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Dr. Ray Castle has volunteered for the American Heart Association for many years.  He has been active with the Heart Walk and within the Advocacy Department.  In 2012, he joined the Louisiana Advocacy Committee.

As a member of the Advocacy Committee, he has worked tirelessly to help the American Heart Association pass policies surrounding AED liability, joint use agreements and ensuring that all schools have AEDs on campus.  He has testified before legislative committees as a subject matter expert and a strong voice for the organization.  He currently is the Athletic Training Program Director and Associate Professor of Professional Practice in the School of Kinesiology in the College of Human Sciences and Education at LSU.  He is also a Certified Athletic Trainer and CPR Instructor.

Dr. Castle has an extensive background in education, clinical practice and professional service. His clinical practice background includes experiences at the clinic, high school, college and international levels.  In 2013, he was recognized by the Louisiana Legislature for providing volunteer emergency medical assistance to the victims of the recent Boston Marathon bombing.  Most recently, in September 2014, he was invited to join the LSU Stephenson Disaster Management Institute as one of their Senior Fellows.

 

Dr. Joshua Wynne North Dakota

Joshua Wynne, M.D., M.B.A., M.P.H. has been an advocate for cardiovascular health and wellness for decades. But in addition to helping thousands of patients with heart problems over many years in his role as a clinician, he also practices what he preaches!

As Vice President for Health Affairs at the University of North Dakota and Dean of the UND School of Medicine and Health Sciences, he has sponsored “Joggin’ with Josh”, an annual walk, jog, or run involving the UND and Grand Forks community. He has served as the 2010 Heart Walk Chair in Grand Forks, N.D. And he has ensured that the new medical school building that will be completed in 2016 is designed to encourage walking.

A New York native, Dr. Wynne’s medical education was in Boston. He has functioned as an academic cardiologist throughout his career, first at Harvard Medical School and Brigham and Women’s Hospital, then at Wayne State University, and most recently at UND. He is a longtime American Heart Association volunteer with leadership roles in Michigan, North Dakota, and the Midwest Affiliate, where he was a long-standing board member.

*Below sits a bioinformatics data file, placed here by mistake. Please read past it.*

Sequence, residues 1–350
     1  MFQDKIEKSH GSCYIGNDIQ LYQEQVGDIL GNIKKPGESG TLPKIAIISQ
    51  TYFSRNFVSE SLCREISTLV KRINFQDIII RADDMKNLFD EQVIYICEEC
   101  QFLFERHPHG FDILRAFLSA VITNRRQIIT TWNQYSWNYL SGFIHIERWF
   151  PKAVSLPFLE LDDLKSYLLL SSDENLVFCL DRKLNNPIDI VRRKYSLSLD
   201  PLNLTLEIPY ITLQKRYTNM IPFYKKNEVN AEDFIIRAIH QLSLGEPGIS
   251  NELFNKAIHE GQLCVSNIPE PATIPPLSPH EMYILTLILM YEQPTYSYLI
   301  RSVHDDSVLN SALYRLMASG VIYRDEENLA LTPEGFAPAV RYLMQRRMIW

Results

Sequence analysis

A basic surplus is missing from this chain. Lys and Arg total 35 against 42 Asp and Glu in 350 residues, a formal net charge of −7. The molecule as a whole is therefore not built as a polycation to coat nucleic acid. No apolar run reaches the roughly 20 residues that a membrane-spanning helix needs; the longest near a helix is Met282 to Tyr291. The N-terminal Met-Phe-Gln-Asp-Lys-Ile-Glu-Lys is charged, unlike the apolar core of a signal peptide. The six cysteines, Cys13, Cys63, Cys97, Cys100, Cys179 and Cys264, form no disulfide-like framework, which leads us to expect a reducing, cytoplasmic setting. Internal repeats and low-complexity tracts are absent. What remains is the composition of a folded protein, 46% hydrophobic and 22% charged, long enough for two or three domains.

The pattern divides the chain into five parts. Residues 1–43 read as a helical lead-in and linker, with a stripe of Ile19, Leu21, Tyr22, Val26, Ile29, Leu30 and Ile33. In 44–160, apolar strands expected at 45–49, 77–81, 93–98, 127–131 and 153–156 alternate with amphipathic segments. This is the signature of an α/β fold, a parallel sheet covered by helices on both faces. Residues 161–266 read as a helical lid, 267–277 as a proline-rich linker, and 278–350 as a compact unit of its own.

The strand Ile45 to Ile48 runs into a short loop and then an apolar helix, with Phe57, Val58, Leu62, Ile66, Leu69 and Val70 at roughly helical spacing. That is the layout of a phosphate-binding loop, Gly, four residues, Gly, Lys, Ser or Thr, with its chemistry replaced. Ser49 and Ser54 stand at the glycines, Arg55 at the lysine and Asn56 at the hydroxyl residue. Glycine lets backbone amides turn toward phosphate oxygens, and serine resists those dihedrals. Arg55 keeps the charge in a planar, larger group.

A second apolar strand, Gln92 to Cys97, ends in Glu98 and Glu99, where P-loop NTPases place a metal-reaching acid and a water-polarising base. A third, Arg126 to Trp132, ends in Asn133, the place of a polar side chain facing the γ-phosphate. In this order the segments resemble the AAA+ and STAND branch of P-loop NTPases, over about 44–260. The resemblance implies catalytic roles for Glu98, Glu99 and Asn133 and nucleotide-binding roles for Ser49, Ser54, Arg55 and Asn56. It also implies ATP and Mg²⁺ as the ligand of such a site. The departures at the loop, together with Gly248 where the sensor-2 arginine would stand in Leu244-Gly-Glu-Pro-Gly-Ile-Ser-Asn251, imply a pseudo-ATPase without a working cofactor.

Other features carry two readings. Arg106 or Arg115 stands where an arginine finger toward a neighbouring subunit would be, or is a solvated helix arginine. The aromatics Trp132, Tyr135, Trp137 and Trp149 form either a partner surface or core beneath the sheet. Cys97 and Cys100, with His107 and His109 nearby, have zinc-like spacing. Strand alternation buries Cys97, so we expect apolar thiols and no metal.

As a member of the Health North Dakota Strategic Visioning Committee, Dr. Wynne helped identify improved hypertension identification and treatment as an important public health initiative to reduce the rates of cardiovascular disease and stroke in North Dakota, since optimal blood pressure control remains elusive for many patients.

Heart disease treatment is a personal matter for Dr. Wynne; he is married to fellow cardiologist Dr. Susan Farkas, who is director of the Echocardiography Laboratory at Sanford Heath in Fargo and Governor of the American College of Cardiology for North Dakota. 

One of our youngest advocates is making one of the biggest impacts to a community by helping to pass a comprehensive smoke-free ordinance!  Brett Harris is a middle-school student in Lubbock whose passion for a smoke-free community goes back as far as he can remember. 

His dad, Matthew Harris, who is the Chairman of the West Texas Smoke-Free Coalition and a part of AHA’s Statewide Smoke-Free Leadership Council, has always encouraged him to stand up for what he believes in. 

At just 12 years old, Brett's been able to effectively lobby City Councilmembers, recruit volunteers, and educate the public on the positive impact a comprehensive smoke-free ordinance would have in Lubbock.

On September 20th he even secured over 30 petitions cards during the Lubbock Heart Walk, which was one of the biggest hauls a single person had collected that day!  During the Heart Walk, he also helped people create their Vine videos to post to social media about why they support a smoke-free Lubbock.

He has also educated his community through teaching his Boy Scout troop the dangers of secondhand smoke, attending community events with his dad, and even recording his own call to action for the Lubbock City Council on Vine.

The Harris family is also interested in other heart healthy activities.  For instance, on the weekends Brett can be seen hiking with his Boy Scout troop, working out, and gardening with his dad.  The two have a passion for growing fresh vegetables to give to the community.  We caught up with Brett and got to know a little more about this Youth Advocate.


Getting to Know: Brett Harris

1.       What's the most exciting part about advocating for Smoke-Free Lubbock?

Meeting some of the survivors as part of the Heart Walk.  I’m hoping they can come and speak to the city council. 

2.       What was it like for you to get people to sign SF petition cards?

It was pretty fun.  Some people turned me down, but most people went for it. It was really cool and fun doing it.

3.       What are your hobbies?

I really like riddles, but what I like the most is going camping with my Boy Scout troop and playing with Legos.  Playing with Legos is useful everywhere.  Legos expand your mind with imagination.

4.       What do you want to be when you grow up?

I plan to go and work at Lego.  It would be pretty cool to work there.  It would not be just for the pay.  I’d do it for $1 just to play with all the Legos they have. I would like to test out the instructions and see how it goes, and also make models with random pieces.